the lending of e-books to multiple patrons). But, libraries are not only repositories of
knowledge and community centres. They are also dominant promoters of new knowledge
technologies. They are already the largest buyers of e-books. Together with schools and other
educational institutions, libraries can serve as decisive socialization agents and introduce
generations of pupils, students, and readers to the possibilities and riches of e-publishing.
Government use of e-books (e.g., by the military) may have the same beneficial effect.
As standards converge (Adobe's Portable Document Format and Microsoft's MS Reader LIT
format are likely to be the winners), as hardware improves and becomes ubiquitous (within
multi-purpose devices or as standalone higher quality units), as content becomes more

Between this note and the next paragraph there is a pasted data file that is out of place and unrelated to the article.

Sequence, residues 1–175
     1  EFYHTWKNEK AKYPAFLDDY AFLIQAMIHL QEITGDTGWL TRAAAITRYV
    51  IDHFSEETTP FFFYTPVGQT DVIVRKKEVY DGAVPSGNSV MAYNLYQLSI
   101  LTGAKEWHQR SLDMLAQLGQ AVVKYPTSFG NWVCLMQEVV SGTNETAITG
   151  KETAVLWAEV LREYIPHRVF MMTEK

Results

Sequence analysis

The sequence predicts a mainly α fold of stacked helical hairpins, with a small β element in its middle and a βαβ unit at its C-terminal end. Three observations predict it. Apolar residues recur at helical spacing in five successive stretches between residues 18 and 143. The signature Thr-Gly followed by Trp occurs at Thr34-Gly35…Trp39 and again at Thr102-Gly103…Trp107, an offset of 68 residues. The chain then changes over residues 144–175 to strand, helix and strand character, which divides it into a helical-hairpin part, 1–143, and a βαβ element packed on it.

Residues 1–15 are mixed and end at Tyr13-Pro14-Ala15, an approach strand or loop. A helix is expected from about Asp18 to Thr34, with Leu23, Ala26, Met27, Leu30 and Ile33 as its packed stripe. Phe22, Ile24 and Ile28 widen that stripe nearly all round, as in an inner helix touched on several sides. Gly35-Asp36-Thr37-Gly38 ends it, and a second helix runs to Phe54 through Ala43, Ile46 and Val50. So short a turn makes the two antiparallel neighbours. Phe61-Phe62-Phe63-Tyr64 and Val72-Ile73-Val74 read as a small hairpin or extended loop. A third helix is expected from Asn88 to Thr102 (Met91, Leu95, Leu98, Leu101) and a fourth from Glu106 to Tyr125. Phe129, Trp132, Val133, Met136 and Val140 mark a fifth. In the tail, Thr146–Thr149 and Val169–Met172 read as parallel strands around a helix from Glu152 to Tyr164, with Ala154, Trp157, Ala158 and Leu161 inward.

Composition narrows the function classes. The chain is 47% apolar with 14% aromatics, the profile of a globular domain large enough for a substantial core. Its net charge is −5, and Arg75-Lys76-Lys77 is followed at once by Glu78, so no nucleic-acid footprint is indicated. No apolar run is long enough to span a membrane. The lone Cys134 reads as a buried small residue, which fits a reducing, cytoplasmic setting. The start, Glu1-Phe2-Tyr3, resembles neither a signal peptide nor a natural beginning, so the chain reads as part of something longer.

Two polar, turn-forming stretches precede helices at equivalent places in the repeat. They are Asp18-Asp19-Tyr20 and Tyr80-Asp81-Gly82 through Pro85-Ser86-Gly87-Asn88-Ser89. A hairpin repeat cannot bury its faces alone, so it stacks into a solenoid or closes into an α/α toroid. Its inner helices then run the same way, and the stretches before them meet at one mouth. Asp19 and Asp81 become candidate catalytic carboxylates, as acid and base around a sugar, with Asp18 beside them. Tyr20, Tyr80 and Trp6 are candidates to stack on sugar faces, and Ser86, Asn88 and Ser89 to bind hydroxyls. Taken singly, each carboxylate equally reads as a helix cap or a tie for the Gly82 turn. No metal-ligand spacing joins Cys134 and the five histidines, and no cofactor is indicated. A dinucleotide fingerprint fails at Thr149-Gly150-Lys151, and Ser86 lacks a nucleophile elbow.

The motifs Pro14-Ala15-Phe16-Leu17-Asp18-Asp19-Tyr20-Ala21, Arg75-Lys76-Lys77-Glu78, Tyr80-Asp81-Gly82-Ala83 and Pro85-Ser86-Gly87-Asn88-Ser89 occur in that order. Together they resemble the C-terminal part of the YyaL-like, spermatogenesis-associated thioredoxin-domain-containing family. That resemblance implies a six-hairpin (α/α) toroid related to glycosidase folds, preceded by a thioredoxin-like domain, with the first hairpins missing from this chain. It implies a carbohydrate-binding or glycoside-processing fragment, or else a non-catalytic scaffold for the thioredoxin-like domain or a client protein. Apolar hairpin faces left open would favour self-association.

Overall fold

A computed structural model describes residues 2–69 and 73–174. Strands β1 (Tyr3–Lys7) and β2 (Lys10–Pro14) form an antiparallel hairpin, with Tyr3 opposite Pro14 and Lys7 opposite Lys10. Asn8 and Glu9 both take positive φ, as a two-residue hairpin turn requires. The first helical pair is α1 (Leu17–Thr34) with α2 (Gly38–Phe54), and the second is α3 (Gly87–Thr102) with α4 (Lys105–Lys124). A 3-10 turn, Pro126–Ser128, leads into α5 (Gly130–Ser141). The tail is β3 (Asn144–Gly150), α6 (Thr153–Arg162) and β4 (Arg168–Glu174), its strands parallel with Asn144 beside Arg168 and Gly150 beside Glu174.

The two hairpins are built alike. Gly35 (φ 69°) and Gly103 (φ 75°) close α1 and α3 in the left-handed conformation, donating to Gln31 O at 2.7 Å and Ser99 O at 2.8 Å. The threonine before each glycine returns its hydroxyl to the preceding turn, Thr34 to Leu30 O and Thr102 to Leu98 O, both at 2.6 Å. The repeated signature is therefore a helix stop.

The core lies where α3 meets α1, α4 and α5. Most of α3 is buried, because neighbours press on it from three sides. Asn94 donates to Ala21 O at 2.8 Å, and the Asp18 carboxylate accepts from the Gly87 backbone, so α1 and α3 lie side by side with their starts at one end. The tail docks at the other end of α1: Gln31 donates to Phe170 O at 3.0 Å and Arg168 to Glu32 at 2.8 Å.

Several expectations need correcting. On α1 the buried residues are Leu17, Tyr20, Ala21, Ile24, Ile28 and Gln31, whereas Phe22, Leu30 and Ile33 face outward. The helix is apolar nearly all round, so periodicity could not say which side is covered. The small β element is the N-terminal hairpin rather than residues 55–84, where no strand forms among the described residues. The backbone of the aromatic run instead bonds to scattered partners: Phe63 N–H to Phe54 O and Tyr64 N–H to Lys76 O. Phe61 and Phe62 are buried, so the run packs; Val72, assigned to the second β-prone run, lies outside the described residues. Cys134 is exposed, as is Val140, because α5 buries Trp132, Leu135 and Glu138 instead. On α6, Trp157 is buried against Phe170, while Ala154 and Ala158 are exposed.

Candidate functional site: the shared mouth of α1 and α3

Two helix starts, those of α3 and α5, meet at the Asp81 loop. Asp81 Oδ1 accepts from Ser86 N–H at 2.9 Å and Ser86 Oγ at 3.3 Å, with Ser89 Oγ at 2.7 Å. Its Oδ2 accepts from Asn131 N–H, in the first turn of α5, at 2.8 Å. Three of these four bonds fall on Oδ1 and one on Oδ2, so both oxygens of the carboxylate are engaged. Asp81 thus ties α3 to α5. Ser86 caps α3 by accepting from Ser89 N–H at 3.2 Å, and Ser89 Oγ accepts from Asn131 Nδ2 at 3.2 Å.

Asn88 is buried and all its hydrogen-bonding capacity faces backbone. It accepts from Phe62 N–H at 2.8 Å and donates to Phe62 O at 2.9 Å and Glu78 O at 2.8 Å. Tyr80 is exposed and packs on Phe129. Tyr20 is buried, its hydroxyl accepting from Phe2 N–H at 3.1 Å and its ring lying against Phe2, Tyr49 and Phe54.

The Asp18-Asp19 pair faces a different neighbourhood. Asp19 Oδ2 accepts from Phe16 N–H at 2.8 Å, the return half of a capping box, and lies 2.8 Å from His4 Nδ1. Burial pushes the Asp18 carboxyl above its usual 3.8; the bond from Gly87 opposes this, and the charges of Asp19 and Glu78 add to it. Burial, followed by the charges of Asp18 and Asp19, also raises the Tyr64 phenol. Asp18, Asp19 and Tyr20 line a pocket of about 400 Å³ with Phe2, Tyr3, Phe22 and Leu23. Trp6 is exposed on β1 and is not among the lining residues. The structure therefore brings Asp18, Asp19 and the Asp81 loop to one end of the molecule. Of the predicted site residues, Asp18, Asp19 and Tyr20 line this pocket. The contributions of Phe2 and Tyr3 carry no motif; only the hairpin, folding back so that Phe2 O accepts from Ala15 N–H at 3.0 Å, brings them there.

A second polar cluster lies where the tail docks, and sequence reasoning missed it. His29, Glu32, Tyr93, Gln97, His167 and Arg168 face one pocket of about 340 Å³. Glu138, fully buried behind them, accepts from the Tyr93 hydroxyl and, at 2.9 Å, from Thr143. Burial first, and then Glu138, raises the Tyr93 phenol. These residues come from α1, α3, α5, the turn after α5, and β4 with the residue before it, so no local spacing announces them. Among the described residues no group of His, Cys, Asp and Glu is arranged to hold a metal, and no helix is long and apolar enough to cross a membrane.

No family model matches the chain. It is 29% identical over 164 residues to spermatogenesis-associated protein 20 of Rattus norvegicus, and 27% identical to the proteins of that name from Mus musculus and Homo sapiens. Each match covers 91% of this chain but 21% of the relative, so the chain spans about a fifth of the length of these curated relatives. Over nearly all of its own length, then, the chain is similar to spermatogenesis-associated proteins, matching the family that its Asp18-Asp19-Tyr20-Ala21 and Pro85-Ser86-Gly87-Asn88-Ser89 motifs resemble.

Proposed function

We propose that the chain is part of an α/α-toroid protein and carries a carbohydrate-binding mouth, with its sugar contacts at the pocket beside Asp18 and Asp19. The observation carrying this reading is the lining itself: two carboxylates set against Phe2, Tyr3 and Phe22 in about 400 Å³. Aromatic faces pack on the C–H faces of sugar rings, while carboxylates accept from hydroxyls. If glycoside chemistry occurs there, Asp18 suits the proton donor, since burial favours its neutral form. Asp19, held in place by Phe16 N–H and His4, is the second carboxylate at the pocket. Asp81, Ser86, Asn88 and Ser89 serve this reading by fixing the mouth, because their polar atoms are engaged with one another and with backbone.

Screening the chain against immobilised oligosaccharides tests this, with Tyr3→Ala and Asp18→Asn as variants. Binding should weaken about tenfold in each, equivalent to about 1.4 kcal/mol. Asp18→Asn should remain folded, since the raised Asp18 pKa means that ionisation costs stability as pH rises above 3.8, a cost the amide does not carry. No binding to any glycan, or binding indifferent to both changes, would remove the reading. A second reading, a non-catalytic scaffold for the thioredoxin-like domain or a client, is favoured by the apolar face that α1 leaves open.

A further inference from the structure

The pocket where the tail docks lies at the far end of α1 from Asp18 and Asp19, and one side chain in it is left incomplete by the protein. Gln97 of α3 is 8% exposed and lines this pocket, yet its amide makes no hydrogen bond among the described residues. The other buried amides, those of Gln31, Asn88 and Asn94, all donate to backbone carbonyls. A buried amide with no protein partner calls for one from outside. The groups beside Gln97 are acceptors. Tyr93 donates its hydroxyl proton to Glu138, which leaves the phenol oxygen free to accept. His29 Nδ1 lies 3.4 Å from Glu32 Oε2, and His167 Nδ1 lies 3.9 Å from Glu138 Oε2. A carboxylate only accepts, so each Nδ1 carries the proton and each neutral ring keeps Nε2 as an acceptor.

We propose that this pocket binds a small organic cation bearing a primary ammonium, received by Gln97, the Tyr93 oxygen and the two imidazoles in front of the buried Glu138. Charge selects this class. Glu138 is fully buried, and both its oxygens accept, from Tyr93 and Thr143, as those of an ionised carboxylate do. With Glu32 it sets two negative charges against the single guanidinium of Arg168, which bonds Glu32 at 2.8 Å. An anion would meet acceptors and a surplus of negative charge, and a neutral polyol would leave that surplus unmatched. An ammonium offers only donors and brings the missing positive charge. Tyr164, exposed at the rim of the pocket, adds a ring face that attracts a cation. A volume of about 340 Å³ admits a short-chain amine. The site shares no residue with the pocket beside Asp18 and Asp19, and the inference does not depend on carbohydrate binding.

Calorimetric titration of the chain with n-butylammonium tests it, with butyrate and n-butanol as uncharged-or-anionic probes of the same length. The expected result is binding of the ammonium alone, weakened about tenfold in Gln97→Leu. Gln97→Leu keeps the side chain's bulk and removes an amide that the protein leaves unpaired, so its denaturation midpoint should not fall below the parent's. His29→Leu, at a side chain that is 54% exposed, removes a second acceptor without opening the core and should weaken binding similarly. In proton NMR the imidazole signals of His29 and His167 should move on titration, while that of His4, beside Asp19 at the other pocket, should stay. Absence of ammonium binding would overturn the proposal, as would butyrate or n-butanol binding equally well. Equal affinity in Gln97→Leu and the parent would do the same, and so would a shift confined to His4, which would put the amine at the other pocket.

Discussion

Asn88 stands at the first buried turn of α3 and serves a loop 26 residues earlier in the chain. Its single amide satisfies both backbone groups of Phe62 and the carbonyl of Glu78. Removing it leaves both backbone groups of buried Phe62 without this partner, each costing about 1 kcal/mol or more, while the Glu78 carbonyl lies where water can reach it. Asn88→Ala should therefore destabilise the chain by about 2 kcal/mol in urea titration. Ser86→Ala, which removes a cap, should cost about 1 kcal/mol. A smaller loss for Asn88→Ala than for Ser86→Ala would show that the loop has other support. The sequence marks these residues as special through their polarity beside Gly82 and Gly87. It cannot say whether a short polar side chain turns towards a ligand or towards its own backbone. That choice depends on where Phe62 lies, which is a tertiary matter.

attractive (already many new titles are published in both print and electronic formats), as more
versatile information taxonomies (like the Digital Object Identifier) are introduced, as
the Internet becomes more gender-neutral, polyglot, and cosmopolitan - e-publishing is likely
to recover and flourish.
This renaissance will probably be aided by the gradual decline of print magazines and by a
strengthening movement for free open source scholarly publishing. The publishing of
periodical content and academic research (including, gradually, peer reviewed research) may
be already shifting to the Web. Non-fiction and textbooks will follow. Alternative models of
pricing are already in evidence (author pays to publish, author pays to obtain peer review,
publisher pays to publish, buy a physical product and gain access to enhanced online content,
and so on). Web site rating agencies will help to discriminate between the credible and the in-
credible. Publishing is moving - albeit kicking and screaming - online.
The Disintermediation of Content
By: Sam Vaknin
Are content brokers - publishers, distributors, and record companies - a thing of the past?